The Fitch rating announced that the Bank’s standalone strength and its entrenched domestic franchise are the key drivers of its rating outcome. The Bank’s action on raising additional Tier I capital through issuing perpetual unlisted bonds in the year 2020 and 2021 and retaining more of its profits via dividend payout management, also positively impacted for this rating outcome. Improvement of the Bank’s Tier I capital base is commendable at this challenging operating environment, when the Bank’s inherent limitations to raise capital as a fully state-owned entity is taken into consideration.
All of its Subordinated, unlisted, perpetual Tier I qualified bond issues which took place in the year 2020 and 2021 were oversubscribed, further affirming the strong investor confidence placed in the Bank. Also, this rating is constrained by the Fitch assessment of Sri Lanka’s Sovereign rating and the operating environment and therefore, it is the highest National-Long-Term rating a local bank could get in this environment.
Having significant foreign currency exposure, the Bank is also rated for its Long-Term Foreign and Local Currency Issuer Default Rating (IDR) by Fitch Ratings and the Bank has been able to get its IDR rating also affirmed at ‘CCC’ despite the prevailing challenging operating environment.
The Bank’s significant exposure to the sovereign and also its non-state exposure which is also susceptible to deteriorating operating conditions has been considered in announcing IDR rating of the Bank. The pandemic related issues have demanded the Bank as the state sector banking giant to lead an increased role in intermediating relief to businesses and individuals affected by the pandemic. It is also believed that the situation will ease in the short to mid- term along with the successful rollout of the vaccination drive, which has now been accelerated.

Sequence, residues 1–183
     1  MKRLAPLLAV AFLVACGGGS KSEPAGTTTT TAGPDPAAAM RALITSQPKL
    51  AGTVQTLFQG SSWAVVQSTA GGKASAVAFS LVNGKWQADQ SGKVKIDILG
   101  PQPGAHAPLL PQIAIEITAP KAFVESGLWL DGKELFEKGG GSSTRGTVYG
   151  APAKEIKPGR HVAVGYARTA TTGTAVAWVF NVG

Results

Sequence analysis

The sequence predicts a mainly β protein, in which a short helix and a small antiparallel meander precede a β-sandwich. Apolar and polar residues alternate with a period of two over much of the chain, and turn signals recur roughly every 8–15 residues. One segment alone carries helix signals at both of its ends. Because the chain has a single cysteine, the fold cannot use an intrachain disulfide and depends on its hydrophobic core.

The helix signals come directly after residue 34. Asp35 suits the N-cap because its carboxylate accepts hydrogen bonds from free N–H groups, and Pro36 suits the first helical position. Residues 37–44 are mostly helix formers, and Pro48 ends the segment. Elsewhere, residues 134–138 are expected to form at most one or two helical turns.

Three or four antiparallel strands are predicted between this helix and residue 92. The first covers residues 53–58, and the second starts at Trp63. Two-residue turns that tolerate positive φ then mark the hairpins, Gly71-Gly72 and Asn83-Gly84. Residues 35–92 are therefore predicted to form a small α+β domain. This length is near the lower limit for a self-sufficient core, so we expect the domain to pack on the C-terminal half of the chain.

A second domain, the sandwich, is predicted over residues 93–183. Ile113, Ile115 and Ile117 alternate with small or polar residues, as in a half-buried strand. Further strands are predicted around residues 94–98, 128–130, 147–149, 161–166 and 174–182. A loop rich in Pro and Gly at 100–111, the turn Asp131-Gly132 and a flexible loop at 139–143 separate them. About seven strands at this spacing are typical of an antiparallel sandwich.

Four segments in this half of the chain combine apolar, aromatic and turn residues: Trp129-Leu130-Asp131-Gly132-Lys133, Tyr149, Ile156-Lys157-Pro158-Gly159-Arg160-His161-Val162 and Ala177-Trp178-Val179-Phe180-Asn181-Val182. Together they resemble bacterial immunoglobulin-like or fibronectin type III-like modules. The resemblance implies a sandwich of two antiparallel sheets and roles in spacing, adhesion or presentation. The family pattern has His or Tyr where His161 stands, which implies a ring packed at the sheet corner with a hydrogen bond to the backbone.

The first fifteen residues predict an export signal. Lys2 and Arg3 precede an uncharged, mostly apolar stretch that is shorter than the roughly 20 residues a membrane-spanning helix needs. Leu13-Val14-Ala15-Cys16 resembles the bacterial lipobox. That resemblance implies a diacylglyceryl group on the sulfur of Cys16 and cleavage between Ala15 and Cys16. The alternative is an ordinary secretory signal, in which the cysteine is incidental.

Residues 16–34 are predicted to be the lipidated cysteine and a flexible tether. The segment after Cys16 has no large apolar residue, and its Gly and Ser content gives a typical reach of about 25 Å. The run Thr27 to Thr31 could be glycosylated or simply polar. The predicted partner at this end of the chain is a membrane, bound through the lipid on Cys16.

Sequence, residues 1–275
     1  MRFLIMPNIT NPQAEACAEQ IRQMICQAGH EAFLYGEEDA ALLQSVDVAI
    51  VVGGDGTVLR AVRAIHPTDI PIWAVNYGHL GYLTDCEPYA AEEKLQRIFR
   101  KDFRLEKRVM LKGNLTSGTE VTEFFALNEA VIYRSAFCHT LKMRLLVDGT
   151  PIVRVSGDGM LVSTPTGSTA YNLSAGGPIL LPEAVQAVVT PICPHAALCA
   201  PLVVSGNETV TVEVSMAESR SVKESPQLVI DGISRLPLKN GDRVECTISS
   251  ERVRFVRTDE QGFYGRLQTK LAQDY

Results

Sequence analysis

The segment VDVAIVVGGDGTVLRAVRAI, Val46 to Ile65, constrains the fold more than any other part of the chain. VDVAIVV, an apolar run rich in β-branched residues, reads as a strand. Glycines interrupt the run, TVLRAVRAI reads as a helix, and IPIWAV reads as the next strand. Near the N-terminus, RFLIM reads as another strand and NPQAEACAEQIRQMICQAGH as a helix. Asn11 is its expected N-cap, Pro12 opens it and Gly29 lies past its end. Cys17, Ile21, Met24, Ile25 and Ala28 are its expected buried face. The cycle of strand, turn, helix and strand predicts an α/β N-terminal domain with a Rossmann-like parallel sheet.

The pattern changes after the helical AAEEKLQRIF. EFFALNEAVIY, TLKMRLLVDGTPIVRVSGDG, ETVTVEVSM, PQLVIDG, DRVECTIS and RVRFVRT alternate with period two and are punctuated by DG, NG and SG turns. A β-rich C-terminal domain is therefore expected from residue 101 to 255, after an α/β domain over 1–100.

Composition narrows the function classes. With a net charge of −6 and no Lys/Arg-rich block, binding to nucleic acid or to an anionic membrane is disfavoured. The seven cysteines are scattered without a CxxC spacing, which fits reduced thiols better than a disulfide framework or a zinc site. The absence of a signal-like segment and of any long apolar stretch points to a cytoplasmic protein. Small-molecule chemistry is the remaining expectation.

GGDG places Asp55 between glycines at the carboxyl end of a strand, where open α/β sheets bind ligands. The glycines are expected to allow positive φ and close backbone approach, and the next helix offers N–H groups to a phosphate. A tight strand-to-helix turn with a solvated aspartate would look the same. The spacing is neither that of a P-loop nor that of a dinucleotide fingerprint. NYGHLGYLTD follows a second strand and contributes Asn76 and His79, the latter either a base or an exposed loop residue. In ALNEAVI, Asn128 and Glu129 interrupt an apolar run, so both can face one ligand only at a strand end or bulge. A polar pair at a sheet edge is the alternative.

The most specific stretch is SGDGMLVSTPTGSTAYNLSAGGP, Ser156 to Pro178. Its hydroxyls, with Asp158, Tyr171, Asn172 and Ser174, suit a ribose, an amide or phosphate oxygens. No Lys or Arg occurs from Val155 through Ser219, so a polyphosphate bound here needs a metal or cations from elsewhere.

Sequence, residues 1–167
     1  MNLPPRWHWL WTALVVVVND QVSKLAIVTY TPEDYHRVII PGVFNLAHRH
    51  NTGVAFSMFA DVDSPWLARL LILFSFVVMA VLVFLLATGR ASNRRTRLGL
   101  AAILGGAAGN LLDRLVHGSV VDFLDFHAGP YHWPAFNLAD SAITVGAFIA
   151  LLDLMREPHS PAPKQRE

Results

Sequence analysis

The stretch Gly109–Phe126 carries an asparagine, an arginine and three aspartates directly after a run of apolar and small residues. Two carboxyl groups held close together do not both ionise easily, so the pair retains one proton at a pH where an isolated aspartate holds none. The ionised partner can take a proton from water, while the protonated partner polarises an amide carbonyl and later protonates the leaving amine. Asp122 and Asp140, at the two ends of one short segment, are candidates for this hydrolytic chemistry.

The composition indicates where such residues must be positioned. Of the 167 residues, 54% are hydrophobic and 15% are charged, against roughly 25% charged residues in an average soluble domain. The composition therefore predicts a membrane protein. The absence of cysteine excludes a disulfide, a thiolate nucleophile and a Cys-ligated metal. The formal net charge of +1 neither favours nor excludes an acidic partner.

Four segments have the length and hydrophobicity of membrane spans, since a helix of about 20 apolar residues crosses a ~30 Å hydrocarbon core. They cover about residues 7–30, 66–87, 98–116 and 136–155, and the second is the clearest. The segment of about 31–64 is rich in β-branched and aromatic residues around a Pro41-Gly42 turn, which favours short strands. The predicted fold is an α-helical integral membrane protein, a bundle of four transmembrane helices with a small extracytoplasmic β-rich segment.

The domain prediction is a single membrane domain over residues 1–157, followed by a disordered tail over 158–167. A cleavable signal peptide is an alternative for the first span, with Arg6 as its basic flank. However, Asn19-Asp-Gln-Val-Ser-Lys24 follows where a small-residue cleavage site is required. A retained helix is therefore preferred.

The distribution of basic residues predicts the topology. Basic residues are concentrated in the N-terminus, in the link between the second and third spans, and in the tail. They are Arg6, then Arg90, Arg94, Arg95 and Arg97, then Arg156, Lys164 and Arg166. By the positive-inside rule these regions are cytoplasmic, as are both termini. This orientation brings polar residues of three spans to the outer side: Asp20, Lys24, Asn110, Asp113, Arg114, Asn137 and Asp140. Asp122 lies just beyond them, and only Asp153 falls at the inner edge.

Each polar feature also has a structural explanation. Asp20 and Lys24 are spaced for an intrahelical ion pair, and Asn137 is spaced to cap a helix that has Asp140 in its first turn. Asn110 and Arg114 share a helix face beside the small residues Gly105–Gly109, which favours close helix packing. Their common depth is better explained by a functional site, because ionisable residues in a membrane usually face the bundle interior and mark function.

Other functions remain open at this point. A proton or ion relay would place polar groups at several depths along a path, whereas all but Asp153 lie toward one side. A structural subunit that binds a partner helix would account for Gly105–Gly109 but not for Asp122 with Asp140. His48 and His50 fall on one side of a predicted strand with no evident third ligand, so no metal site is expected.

Further, due to the consolidated effort by all line agencies to eradicate COVID-19 spread within the country, a quicker economic recovery could be anticipated optimistically. Although the heightened challenges posed by the expected rise in impairment loans are being predicted and have influenced this rating outcome, the Bank believes its consolidated and well-structured recovery plans will work out in easing the expected impairment risk.
The Bank also cemented its leading position in channeling Inward Remittances to the country and therefore has been able to further maintain its foreign currency liquidity in satisfactory level.
The Bank has been able to record the highest profit in the industry according to the interim financials published as at 31 March 2021.
The Bank reported Rs. 14.8 billion Profit Before Tax (PBT) by reporting a growth rate of more than 100% in comparison to the corresponding period of the previous year demonstrating its strength, agility and strategic approach in facing to challenges caused by the low interest rate scenario, higher Non-Performing Advances (NPA) and operational restrictions stemming from a COVID hit economy.
Since the country is much more ready to face the pandemic with minimal disruption to economic activities by now, the Chairman, Kanchana Ratwatte stated “we are optimistic and look forward earnestly to see more promising results for the year 2021 and we believe it will further improve our regulatory ratios and our bottom line”.
The General Manager, Gunasekera also expressing his views stated; “we are confident that our timely strategies will allow us to navigate across this challenging period and we will be able to achieve more in the coming months without compromising our efforts on helping economic recovery.